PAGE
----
Roberto Delgado

El Politico

I got the images in an adventurous roundabout way via fax from Tucson pero ni modo. The big 4'x4' pic is an oil, acrylic, pastel, spray can stencil and monotype painting called El Politico. I started it in Tegucigalpa, Honduras, when on a Fulbright there in 96 and fine tuned and finished it in 98. The main image is of a PRI politician getting out of his car in that typically arrogant manner that priistas used to have before Fox put the scare on them. On either side of the painting is a typical vendedora in silhouette that I photographed at the Mercado San Isidro in the Comayaguela district of Tegucigalpa. The market burnt down a few weeks after the pic under mysterious circumstances, but that todo el mundo knows was the work of the merchants tired of the city's neglect of a dirt poor area. Layered underneath these images is a figure of one of your daily murder victims taken from the "acontecimientos" section of the newspaper. Comayaguela is where the Escuela Nacional de Bellas Artes is located, where I taught mural painting and where I always tried to split from before sundown so I wasn't caught in what is commonly called "the killing fields." A lot of contra weapons and munitions and poverty. The round ball on top of pic is taken from the Codex Borgia and is the sun and moon in equal portions of conflict and depicting bad news. Who knows what else I threw in there.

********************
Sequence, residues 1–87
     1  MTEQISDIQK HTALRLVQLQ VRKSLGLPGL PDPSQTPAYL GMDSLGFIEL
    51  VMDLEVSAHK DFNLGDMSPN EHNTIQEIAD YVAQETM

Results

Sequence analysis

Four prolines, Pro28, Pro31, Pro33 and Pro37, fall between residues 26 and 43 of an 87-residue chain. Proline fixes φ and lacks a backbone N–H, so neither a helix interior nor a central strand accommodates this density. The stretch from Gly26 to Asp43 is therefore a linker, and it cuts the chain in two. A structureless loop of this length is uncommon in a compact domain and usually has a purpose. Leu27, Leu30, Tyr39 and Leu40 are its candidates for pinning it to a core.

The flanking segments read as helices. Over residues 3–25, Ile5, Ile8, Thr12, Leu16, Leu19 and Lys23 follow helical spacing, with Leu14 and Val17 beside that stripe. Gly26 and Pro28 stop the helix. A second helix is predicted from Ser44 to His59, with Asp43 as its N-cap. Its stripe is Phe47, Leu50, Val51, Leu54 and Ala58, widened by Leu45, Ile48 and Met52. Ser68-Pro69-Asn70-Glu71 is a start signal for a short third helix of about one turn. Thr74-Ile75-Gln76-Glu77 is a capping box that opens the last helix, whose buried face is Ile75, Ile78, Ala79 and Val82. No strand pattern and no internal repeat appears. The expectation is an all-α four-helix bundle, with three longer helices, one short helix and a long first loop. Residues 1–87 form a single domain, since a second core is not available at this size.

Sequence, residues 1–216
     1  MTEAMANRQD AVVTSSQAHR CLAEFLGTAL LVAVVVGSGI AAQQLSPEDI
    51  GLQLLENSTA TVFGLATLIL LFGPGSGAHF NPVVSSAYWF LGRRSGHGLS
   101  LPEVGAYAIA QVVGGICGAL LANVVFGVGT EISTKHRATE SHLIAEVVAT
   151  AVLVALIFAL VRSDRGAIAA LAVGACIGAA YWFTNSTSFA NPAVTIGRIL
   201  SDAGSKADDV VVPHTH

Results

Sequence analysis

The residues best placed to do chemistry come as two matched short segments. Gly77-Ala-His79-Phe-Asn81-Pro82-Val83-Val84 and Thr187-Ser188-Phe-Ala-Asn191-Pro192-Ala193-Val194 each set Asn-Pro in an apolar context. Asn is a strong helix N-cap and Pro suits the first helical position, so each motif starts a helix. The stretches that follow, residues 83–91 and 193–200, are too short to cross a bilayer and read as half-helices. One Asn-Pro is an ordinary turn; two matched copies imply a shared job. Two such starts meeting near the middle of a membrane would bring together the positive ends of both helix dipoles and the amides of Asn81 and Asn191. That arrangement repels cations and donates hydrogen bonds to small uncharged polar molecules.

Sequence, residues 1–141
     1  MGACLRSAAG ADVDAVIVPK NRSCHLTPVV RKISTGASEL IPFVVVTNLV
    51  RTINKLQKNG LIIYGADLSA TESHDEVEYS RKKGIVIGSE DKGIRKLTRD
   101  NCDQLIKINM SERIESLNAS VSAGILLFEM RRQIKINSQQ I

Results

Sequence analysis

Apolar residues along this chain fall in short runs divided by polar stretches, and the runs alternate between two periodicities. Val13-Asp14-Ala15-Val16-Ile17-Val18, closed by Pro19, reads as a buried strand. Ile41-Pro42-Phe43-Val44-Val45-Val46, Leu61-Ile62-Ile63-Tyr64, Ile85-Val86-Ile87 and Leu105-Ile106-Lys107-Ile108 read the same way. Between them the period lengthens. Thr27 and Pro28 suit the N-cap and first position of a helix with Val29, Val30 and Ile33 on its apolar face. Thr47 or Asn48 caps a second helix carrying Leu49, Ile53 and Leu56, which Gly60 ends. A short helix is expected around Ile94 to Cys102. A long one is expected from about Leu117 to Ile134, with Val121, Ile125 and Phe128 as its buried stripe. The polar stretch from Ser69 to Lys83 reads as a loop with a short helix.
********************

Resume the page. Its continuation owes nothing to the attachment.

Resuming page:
Women and War

The silkscreen of the 12 Women and War series used a pic I took of a black woman on Broadway in downtown LA that I think was a kinda emaciated hooker showing all the signs of chemical dependency, to put it kindly. Most of this series were taken from my photos of people on Broadway during the day. This particular one is ringed by a flechette type symbol also taken from the Codex Borgia and that seems to have a phallic base and that probably means power. Haven't really investigated the symbolism, just thought it looked chevre. The black and white stuff in the background are apliqued rub-offs of xeroxes using carburetor cleaner to transfer them. The one around her head is a 400% xerox blow-up (hence the large microdot half-tones) of a Huey gunship crew helmet. The image on left directly under her face is the coiled ammo feeder to the M-21 gun system, the famosa "Gatling." Great for crowd control of unruly peasants who don't want to pick export crops from IMF subsidized agribusinesses. These are used Vietnam-era machines, stored at Davis-Monthon AFB in Tucson for future sale to our client states at bargain basement prices. Seen it in Chiapas and the Old Pueblo. But good for keeping domestic retail prices down.